The Perfect Timber (Labelling and Legacy)

The Perfect Timber (Labelling and Legacy)

What do you look for when hunting for that perfect piece of timber? 

Chances are you’ll be seeking out strength, colour and grain, relative to the requirements of your project.  You might be looking for different finishes and textures, or maybe you need to consider density and weight.  Whatever your project, there is one check that many Australians are making, one that is easy to do and aims to support sustainable forestry whist optimising recovery and recycling of surplus and used timbers. 

25 years ago the Forest Stewardship Council (FSC) emerged from the failure of the Rio Summit to reach any real outcome for forest protection. Their mission is to “…promote environmentally appropriate, socially beneficial, and economically viable management of the world’s forests”.  No simple task, but with a broad base of expertise and knowledge drawn from community and business leaders, environmental groups, governments and policy makers, the FSC has achieved what many thought would be impossible: a voluntary, market-driven approach to responsible forest management. 

What stands out is the simplicity of FSC’s strategy and how effective it has been across the globe.  Products and projects are audited by FSC and partner organisations and depending on how well the sustainability criteria are met, certification is issued and companies can use the FSC labels on their products.  You don’t have to look far to find these (check timber at your lumber yard, tissue boxes and toilet rolls – its very likely they are hiding in plain sight). 

There are three main categories exist for product certification and labelling that we can look for; 

 

 FSC 100% 

This category stands out as the embodiment of the FSC movement’s vision “…forests for all, forever”.  Products displaying this label have been thoroughly checked from forest to shopfloor and have proven (by an independent third party) that they meet the highest social and environmental standards. 

 

 

 

FSC RECYCLED 

As the name suggests, products bearing this label have demonstrated that they are produced using 100% recycled content.  This takes a lot of stress off timbers sourced from forests, and has become increasingly useful as recycled timber products have surged in popularity.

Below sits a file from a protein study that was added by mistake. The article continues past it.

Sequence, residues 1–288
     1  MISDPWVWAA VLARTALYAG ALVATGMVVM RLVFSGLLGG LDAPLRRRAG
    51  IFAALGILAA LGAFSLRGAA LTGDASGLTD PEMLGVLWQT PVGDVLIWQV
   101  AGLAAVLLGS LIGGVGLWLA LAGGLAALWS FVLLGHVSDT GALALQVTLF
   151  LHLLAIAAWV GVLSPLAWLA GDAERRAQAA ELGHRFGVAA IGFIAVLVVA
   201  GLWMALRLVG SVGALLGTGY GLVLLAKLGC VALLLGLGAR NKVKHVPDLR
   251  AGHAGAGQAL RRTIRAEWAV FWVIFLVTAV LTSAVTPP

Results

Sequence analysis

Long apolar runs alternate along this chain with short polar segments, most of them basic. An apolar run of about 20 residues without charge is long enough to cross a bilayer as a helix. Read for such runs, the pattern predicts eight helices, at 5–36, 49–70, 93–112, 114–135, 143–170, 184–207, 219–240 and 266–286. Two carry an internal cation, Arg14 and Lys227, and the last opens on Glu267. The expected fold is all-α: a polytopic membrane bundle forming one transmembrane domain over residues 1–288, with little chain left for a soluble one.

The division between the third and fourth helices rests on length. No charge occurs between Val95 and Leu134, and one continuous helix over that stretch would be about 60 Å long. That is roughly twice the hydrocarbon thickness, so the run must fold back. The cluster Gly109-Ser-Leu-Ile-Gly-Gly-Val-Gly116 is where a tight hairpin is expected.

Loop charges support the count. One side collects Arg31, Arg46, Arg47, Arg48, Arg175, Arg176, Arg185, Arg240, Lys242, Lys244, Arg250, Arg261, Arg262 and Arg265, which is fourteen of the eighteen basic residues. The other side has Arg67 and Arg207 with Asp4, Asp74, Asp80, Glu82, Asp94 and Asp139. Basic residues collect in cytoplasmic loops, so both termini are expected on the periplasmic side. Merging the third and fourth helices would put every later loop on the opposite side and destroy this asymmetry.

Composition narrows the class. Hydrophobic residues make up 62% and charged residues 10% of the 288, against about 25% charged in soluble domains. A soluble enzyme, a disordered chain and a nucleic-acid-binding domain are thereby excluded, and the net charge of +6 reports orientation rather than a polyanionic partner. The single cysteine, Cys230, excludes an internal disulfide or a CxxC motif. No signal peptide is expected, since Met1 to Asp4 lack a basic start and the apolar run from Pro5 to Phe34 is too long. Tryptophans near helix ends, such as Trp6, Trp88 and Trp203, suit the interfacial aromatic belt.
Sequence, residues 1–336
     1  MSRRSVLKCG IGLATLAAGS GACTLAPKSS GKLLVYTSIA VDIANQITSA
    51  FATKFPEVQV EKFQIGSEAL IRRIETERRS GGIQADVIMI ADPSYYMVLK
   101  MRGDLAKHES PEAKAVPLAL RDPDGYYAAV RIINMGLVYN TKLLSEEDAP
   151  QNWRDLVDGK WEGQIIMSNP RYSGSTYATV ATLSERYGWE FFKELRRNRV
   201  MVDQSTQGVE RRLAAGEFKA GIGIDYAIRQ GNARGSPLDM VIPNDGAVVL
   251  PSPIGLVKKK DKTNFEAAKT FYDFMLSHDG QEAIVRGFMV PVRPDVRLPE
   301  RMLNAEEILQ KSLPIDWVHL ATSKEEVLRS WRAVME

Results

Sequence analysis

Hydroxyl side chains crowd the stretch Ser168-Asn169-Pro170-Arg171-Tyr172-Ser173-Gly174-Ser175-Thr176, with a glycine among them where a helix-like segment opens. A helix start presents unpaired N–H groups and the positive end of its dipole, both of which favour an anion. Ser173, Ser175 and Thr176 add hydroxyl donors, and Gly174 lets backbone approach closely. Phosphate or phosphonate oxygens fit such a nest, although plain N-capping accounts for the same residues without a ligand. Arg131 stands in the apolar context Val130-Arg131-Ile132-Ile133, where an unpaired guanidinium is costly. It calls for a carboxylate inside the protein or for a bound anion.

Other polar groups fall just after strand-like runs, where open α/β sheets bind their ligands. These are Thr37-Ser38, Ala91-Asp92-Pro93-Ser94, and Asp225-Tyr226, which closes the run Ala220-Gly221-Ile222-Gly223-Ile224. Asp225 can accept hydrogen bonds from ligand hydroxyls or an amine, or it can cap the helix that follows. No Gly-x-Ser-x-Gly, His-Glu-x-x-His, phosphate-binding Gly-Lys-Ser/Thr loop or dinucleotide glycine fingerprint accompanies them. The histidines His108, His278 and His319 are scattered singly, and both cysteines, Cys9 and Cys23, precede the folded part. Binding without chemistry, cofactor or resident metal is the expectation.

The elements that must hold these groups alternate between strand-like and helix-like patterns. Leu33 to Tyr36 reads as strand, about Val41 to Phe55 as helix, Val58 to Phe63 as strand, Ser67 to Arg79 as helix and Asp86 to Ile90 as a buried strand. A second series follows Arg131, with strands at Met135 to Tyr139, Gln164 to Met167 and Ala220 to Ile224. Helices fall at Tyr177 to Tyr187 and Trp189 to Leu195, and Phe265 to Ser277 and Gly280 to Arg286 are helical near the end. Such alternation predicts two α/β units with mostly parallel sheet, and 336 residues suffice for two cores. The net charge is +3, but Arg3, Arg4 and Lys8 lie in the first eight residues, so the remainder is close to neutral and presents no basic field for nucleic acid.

FSC MIX 

Perhaps the least preferred of the labels (at least from consumers) is the FSC MIX label.  What this tells us is that the product is made using a combination of materials from FS-certified forests, recycled materials and/ what is known as FSC controlled wood.  Controlled wood does not comply with all of the strictest parameters of FSC certification, but it at least can be verified that this material is not from unacceptable sources. 

FSC is not the only group that provides certification and labelling of timber products, however they likely have the biggest reach of any of these groups internationally. With literally millions of products bearing their labels, it is easy to see that FSC has serious traction worldwide, and counting members such as the WWF and Greenpeace (who aren’t in the habit of affiliating with organisations who aren’t true to their values), underscores the credibility of their work. 

Here in Australia, our largest timber retailers spruik their green credentials, proudly showing off their engagement with FSC and other programs.  This reflects the desires of their customers, so everything we do with our purchasing decisions sends a clear signal to retailers and their supply chains.  What we can do is make sure that we are making those purchasing decisions based on good judgement and in ways that do the least amount of harm to our planet.  With such simple visual references as the FSC labels, we can easily determine which timbers are right for us. 

We can continue to enjoy what is one of the Earths most endearing and versatile natural resources and at the same time, we can play our part in making sure that our planet and our people are not worse off.    

 

 

 

By James Atkinson

Jim is a dad, writer, PhD researcher and corporate sustainability advisor. 

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